2 The 4 Technology Solutions

 

PHYTOREMEDIATION: ENHANCING NATURAL ATTENUATION PROCESSES

An On-Line Version of a Columns First Published in:
 The National Environmental Journal Jan./Feb. 1996 Vol. 6 No. 1 Pages 30-31
Note: The cover of this issue used one of my photographs

by: David Vance

In a previous groundwater column (July/August 1995) in-situ mechanisms responsible for natural attenuation of organic contaminants in groundwater were discussed, as well as the rates of degradation that could be expected under those conditions. This column will focus on phytoremediation as a method to proactively enhance those degradation rates, as well as provide mechanisms for the remediation of metals from near surface soils and groundwater. Phytoremediation acts through two fundamental remediation processes, enhancement of saturated zone in-situ biodegradation and phytoextraction.

The rhizosphere is the zone in the subsurface occupied by plants root system. Root depths of 6 to 30 feet are common, with some trees and shrubs capable of root penetration to 60 feet. Phreatophytes are deep rooted plants that draw water from beneath the water table, xerophytes are shallow rooted and depend more directly on infiltrating rainwater. Depending on site conditions and contaminant distribution, either type of plant can be of value for phytoremediation.

Within the rhizosphere plants contribute to enhanced in-situ biodegradation through the supply of carbonaceous substrate and oxygen transfer. Rhizodeposition is partially the result of the decay of dead roots and root hairs. Also important are carbonaceous root exudations such as: leakage from epidermal cells; secretions resulting from metabolic activity; mucilages from root tips (which act as lubricants for root penetration); and lysates from sloughed cells. Exudates are composed of a wide range of chemicals that include sugars, amino acids, organic acids, fatty acids, and numerous other compounds. It is estimated that 7% to 27% of the total plant mass is annually deposited as carbonaceous material in the rhizoshpere, amounting to 85 to 155 tons per acre. This carbonaceous material stimulates overall bacterial activity as well as providing substrate to support cometabolic degradation of xenobiotic hydrocarbons.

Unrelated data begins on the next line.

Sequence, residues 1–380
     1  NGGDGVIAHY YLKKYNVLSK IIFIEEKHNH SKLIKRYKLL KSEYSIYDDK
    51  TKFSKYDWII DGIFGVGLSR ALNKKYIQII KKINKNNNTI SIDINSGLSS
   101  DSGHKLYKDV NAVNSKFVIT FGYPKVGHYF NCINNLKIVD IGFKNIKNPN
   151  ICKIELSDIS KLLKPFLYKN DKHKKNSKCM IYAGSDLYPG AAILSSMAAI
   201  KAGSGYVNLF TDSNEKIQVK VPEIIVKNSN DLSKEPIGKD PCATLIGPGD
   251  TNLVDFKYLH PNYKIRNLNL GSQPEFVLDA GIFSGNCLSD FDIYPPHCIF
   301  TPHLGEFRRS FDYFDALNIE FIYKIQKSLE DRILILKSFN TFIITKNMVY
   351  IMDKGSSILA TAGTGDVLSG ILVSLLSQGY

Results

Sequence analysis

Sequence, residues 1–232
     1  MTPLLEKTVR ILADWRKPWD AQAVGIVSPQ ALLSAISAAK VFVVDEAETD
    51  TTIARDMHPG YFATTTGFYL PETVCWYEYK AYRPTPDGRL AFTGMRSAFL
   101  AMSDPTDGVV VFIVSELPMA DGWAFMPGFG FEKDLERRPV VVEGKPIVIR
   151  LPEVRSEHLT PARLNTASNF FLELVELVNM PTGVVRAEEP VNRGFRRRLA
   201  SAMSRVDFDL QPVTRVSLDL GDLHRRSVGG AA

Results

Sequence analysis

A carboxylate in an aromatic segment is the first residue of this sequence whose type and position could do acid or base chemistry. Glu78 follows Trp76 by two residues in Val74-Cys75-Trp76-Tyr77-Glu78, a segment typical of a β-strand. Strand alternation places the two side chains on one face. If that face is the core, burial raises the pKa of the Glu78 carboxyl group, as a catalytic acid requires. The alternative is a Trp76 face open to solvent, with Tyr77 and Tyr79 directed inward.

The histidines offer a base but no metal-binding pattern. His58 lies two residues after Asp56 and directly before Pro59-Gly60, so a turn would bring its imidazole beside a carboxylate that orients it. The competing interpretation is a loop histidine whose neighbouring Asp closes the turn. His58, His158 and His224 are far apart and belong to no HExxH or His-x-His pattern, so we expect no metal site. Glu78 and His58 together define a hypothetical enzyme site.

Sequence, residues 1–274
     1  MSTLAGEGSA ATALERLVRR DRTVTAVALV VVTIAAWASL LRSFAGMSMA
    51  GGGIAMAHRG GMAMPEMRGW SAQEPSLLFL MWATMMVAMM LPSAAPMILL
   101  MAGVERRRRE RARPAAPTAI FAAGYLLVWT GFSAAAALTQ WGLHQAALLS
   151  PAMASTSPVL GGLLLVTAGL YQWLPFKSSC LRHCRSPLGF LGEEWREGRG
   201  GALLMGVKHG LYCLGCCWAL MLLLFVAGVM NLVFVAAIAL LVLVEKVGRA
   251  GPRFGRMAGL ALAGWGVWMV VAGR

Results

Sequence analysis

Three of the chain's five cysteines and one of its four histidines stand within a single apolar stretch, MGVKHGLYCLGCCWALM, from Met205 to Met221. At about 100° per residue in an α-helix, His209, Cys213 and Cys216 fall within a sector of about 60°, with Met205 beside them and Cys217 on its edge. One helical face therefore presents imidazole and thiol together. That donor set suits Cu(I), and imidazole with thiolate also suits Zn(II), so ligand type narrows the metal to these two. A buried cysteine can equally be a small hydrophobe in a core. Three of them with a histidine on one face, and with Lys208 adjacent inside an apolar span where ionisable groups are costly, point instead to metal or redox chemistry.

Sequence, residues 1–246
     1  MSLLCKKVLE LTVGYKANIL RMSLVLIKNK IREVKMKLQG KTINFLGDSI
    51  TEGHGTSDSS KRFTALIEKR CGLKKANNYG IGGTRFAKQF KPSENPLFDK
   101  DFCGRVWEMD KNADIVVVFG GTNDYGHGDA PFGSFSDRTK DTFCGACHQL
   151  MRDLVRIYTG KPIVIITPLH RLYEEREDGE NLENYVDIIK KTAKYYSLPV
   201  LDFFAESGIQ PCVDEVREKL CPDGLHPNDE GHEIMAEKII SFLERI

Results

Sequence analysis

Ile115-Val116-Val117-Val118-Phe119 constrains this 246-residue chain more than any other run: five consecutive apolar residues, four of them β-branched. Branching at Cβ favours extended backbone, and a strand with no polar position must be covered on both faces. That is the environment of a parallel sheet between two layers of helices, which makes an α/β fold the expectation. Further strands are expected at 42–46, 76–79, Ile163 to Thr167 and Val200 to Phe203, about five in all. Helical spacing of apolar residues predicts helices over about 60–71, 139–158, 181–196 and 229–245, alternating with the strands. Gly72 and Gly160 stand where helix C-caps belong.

The capability to support oxygen transfer can be divided into three categories of plants: nonwetland herbaceous and woody plants with poor oxygen transfer capacity; wetland woody plants with moderate capacity; and wetland herbaceous plants with high oxygen transport capacity. Plants of the first variety will ultimately die with their roots under saturated conditions. Wetland plants adsorb oxygen through their leaves, twigs, stems, bark and unflooded roots. This oxygen is in turn transported to the roots where it diffuses out into the rhizosphere. Consequently wetland plants are able to support oxidation in the rhizosphere at rates that are significantly greater than that seen through saturated zone diffusion alone. Due to the processes described above it is not uncommon to find bacterial populations in the rhizoshpere elevated to a level of magnitude or more above surrounding undeveloped soils.

The primary in-situ remediation potential of plants for hydrocarbons lies in their capacity to enhance oxidation rates in the subsurface and provide cometabolic substrate. However, plants also have the ability to remove compounds, a process termed phytoextraction, which can be applied to organic or metal contaminants. In the case of hydrocarbons, the compound must be water soluble and have a moderate degree of lipid solubility. Lipid solubility is a function of the octanol-water partition coefficient (Kow) for the compound.